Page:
This points to another factor in the growing estrangement between big business and the PQ. The PQ's close relations with the union bureaucracy have been pivotal to the Bouchard government's ability to impose drastic public service cuts. Business, however, is becoming increasingly apprehensive about the ability of the unions to control the rank-and-file, while looking with envy at the restrictions on union rights imposed by Ontario's Tory government. Following last summer's nurses' strike, which ended in disarray after the nurses repudiated a sellout negotiated by their union, a spate of articles appeared in the press questioning the continued efficacy of the “Quebec model” of corporatist relations between the unions, government and big business.

Waning support for secession

As with the dissatisfaction with the PQ government, the waning support for the PQ's sovereignist option has different causes among different social classes.

The PQ's role in implementing massive spending cuts undoubtedly came as a shock to many who believed it was, if not an anti-capitalist party, at least a party of social reform.

The concerns of Quebec's industrial, commercial and financial elite, needless to say, lie elsewhere.

There is great skepticism in business circles about the PQ's claims that a Quebec state would better able than the current federal regime to support Quebec business in capturing world markets. The government of an independent Quebec would not have to balance, as Ottawa does, the divergent and often conflicting concerns of Quebec capital with those of its rivals elsewhere in Canada. But a Quebec state would be a bit player on the world stage and certainly would not have a seat, as Canada presently does, in the G-7.

Another factor that weighs heavily is the Clinton administration's aggressive support for Canadian unity. James Blanchard, an ex-US Ambassador to Canada and key Clinton advisor on Canadian affairs, recently vowed that an independent Quebec would not be granted automatic admission to the North America Free Trade Agreement.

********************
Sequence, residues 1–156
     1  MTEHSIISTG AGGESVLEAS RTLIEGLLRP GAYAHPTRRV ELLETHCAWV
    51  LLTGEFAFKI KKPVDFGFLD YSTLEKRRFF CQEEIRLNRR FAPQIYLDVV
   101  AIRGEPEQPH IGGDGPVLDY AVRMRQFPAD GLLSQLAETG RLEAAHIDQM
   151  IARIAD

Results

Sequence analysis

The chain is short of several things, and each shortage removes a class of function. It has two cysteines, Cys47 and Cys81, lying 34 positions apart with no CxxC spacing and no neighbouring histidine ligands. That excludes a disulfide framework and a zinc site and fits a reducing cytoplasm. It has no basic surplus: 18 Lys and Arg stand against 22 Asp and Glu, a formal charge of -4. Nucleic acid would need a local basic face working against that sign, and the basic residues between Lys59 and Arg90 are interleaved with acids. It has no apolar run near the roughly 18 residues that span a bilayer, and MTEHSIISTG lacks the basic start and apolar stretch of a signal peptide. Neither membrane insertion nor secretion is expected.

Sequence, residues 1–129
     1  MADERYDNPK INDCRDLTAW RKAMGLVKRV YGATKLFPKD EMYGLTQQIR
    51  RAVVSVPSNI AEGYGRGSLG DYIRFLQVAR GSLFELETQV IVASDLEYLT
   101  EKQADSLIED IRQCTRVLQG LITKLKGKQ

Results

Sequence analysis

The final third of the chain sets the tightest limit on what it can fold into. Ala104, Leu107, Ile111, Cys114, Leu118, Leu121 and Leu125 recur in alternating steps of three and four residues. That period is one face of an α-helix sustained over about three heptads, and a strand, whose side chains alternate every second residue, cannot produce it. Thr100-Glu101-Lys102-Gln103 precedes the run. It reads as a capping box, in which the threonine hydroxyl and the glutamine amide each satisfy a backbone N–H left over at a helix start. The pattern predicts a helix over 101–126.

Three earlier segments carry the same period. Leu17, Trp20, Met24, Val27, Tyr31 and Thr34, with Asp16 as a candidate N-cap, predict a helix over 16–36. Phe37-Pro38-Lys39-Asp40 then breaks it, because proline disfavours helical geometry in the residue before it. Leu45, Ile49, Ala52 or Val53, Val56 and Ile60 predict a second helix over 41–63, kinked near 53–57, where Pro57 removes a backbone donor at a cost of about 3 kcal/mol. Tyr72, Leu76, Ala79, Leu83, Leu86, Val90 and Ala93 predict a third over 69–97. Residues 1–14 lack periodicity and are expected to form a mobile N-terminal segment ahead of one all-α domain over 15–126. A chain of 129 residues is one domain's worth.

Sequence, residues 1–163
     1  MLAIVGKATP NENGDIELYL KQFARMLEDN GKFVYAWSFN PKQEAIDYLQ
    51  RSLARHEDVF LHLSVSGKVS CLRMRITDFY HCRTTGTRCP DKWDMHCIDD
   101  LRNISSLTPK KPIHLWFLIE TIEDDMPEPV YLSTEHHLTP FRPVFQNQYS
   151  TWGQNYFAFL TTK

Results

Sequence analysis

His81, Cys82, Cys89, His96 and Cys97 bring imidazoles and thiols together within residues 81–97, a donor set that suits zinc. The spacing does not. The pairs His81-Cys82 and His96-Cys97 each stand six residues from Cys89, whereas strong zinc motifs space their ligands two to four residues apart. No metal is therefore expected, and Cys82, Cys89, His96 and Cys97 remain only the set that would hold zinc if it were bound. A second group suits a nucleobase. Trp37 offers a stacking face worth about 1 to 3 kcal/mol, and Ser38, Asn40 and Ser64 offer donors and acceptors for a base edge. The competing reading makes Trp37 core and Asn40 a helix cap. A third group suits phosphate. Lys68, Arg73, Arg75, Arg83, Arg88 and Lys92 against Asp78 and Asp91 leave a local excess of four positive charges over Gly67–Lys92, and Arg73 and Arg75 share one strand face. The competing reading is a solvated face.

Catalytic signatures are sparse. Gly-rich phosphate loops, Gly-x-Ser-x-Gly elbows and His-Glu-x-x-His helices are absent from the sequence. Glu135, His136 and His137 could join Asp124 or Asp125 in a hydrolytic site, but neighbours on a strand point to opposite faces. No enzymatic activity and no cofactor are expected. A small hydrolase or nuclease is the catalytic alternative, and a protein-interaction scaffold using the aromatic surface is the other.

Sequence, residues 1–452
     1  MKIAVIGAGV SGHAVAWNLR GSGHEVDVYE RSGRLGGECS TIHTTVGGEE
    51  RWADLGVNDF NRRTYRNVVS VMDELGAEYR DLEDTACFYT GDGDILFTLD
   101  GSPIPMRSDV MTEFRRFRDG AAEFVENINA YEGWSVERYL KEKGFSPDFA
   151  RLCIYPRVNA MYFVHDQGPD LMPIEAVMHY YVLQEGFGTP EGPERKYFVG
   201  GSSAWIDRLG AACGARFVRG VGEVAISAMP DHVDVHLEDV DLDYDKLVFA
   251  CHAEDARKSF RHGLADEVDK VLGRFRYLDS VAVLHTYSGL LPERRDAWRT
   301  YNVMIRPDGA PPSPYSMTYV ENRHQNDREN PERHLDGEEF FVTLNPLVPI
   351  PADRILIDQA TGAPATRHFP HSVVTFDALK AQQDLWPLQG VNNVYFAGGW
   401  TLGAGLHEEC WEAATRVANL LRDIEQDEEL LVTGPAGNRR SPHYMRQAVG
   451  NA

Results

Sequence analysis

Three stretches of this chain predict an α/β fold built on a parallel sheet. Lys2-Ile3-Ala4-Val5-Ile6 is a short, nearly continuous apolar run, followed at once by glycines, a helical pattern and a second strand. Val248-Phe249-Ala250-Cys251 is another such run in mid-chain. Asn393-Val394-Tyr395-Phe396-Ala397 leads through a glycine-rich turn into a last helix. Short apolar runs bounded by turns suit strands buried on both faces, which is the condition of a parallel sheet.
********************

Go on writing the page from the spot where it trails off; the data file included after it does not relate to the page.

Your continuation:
The federal Liberal government has taken advantage of the weakening popular support for Quebec sovereignty to table legislation that lays the juridical and political ground for Ottawa to refuse to recognize a majority vote in favor of Quebec's secession. Under the Clarity Bill, secession, even if granted, would be conditional on the re-negotiation of Quebec's borders, thus threatening Quebec with partition.

In answer to this, the PQ government has put forward a counter-law which states that only the Quebec government can determine the rules of a referendum and asserts Quebec's “right to self-determination.” But to the PQ's chagrin, there has been very little public outcry against the federal government's attempt to rewrite the rules on secession. Apart from the PQ's traditional supporters and organizations of the ex-radical middle class like Gauche Socialiste no one answered Premier Bouchard's call for a “holy union of all Québécois” against the Clarity Bill.

By declaring themselves the defenders of “the right to self-determination of Quebec,” the PQ and above all its “left” allies in the union bureaucracy want to turn public attention away from the PQ's right wing policies and nourish illusions that, because Quebec independence is opposed by the most powerful sections of Canadian capital and challenges the existing constitutional order, it is a progressive, even radical, demand. But these claims are increasingly falling on deaf ears, for working people have seen in practice that the PQ upholds the interests of big business no less ardently than its federalist opponents.

Under pressure from big business to move still further right, the PQ government and especially its petty-bourgeois cadre are turning more and more to rank chauvinist appeals to try to breathe life into the separatist movement. The “radical”—i.e., extreme chauvinist wing of the PQ—has sponsored a whole series of convention resolutions calling for further restrictions on the rights of Quebec's immigrant and English-speaking minorities. These include barring immigrants access to English-language junior colleges (CEGEPs) and banning the use of languages other than French on commercial signs. Bouchard, for his part, has announced the convening of an Estates-General (a Quebec summit) in the fall to discuss the status of the French-language in Quebec.